Examples: The PQI plan describes how the system is structured and functions, includes an overview of the organization’s approach to quality improvement, and may include specific models and/or methodologies it may employ (e.g., Six-Sigma, CQI, Plan/Do/Check/Act, and TQM).

PQI Structure: There are many ways to structure how information and data flow through an organization, mechanisms for review, and decision-making. Many organizations integrate PQI responsibilities into their existing decision-making and support structure, e.g., management teams, committees, or task forces. Others establish a separate, independent PQI committee to oversee and guide their PQI system.

Some small organizations may not have the resources to have a separate PQI structure or committee so they are diligent about including PQI as part of the agenda of regular staff meetings (see PQI 1.04). In effect, the entire staff serves as the PQI committee. Please note that it is especially important to thoroughly document PQI discussions in this scenario.

In regards to element (e), procedures for reporting findings and monitoring results can include:
  1. obtaining feedback about findings from stakeholders;
  2. taking action in response to PQI findings and feedback;
  3. monitoring improvement plans and corrective action plans; and
  4. determining if an implemented change is an improvement.
Note: In regards to element (d), please see the Client-Centered Logic Model Core Concept in each assigned Service Standard for additional information on program outputs and client outcomes to be included in the PQI plan.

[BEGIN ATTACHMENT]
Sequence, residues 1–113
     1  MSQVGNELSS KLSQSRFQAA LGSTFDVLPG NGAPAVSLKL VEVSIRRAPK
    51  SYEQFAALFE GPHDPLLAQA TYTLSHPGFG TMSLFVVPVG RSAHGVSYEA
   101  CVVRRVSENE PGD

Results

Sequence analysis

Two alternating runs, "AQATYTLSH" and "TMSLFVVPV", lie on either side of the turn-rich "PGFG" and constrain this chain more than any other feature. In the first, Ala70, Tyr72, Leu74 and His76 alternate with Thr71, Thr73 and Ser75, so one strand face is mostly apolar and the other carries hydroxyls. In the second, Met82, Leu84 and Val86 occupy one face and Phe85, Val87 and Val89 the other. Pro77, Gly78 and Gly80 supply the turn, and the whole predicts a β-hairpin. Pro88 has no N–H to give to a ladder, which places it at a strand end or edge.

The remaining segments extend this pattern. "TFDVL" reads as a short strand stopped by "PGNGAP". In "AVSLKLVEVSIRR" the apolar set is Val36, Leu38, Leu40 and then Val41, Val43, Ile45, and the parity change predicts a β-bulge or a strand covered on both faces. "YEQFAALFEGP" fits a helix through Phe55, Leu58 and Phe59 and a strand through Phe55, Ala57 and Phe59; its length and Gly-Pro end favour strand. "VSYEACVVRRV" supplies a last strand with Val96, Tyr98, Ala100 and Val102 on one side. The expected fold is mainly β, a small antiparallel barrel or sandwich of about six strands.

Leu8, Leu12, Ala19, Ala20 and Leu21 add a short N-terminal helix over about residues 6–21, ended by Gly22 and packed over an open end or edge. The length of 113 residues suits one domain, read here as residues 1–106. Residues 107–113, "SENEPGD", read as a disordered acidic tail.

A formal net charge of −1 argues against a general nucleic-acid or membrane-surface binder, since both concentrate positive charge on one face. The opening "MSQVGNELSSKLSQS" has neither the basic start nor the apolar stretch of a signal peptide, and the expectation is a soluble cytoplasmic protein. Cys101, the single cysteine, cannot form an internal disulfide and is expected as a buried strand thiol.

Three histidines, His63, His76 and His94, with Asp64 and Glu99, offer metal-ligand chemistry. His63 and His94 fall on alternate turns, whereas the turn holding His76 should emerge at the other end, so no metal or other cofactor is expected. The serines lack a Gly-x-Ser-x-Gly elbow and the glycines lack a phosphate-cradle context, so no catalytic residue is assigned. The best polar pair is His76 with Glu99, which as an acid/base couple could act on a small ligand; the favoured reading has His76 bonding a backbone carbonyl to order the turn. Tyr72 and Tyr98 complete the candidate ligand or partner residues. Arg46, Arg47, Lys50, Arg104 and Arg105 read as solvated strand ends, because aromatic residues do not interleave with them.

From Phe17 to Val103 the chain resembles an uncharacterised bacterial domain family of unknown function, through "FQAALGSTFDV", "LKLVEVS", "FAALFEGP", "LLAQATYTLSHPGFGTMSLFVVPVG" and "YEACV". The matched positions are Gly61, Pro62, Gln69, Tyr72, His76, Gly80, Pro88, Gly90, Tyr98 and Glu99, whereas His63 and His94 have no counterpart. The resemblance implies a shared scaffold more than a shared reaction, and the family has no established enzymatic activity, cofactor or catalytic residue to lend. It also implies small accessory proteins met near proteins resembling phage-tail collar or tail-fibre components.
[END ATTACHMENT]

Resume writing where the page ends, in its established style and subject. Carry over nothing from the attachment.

1
The written PQI plan provides the organization with a framework for operationalizing and implementing a comprehensive PQI system and includes all of the elements of the standard.
2
Practices are basically sound but there is room for improvement; e.g.,
  • The PQI plan and procedures do not cover one or two of the organization's programs or one of its service delivery sites, divisions, or departments, but the organization is actively working to integrate these into their plan and procedures; or
  • One of the elements is not fully addressed.
3
Practice needs significant improvement, e.g.,
  • More than two of the organization's programs or service delivery sites, regions, or divisions are not integrated into the organization-wide plan and procedures; or
  • Two of the elements are not fully addressed; or
  • One element is not addressed at all.
4
Implementation of the standard is minimal or there is no evidence of implementation at all.

 

PQI 1.02

The PQI plan:
  1. defines the organization's stakeholders; and
  2. specifies how important internal and external stakeholder groups will be involved in the PQI process.

Interpretation